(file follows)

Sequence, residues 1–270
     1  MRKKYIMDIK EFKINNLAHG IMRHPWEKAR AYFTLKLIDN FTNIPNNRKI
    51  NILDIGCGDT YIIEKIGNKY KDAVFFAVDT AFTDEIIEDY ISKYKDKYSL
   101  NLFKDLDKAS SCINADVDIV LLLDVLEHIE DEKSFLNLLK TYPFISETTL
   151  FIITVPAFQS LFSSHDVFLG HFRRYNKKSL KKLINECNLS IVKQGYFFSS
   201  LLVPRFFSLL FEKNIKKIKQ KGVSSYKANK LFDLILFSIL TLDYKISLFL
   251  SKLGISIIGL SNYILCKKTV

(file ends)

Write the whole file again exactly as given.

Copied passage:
Sequence, residues 1–270
     1  MRKKYIMDIK EFKINNLAHG IMRHPWEKAR AYFTLKLIDN FTNIPNNRKI
    51  NILDIGCGDT YIIEKIGNKY KDAVFFAVDT AFTDEIIEDY ISKYKDKYSL
   101  NLFKDLDKAS SCINADVDIV LLLDVLEHIE DEKSFLNLLK TYPFISETTL
   151  FIITVPAFQS LFSSHDVFLG HFRRYNKKSL KKLINECNLS IVKQGYFFSS
   201  LLVPRFFSLL FEKNIKKIKQ KGVSSYKANK LFDLILFSIL TLDYKISLFL
   251  SKLGISIIGL SNYILCKKTV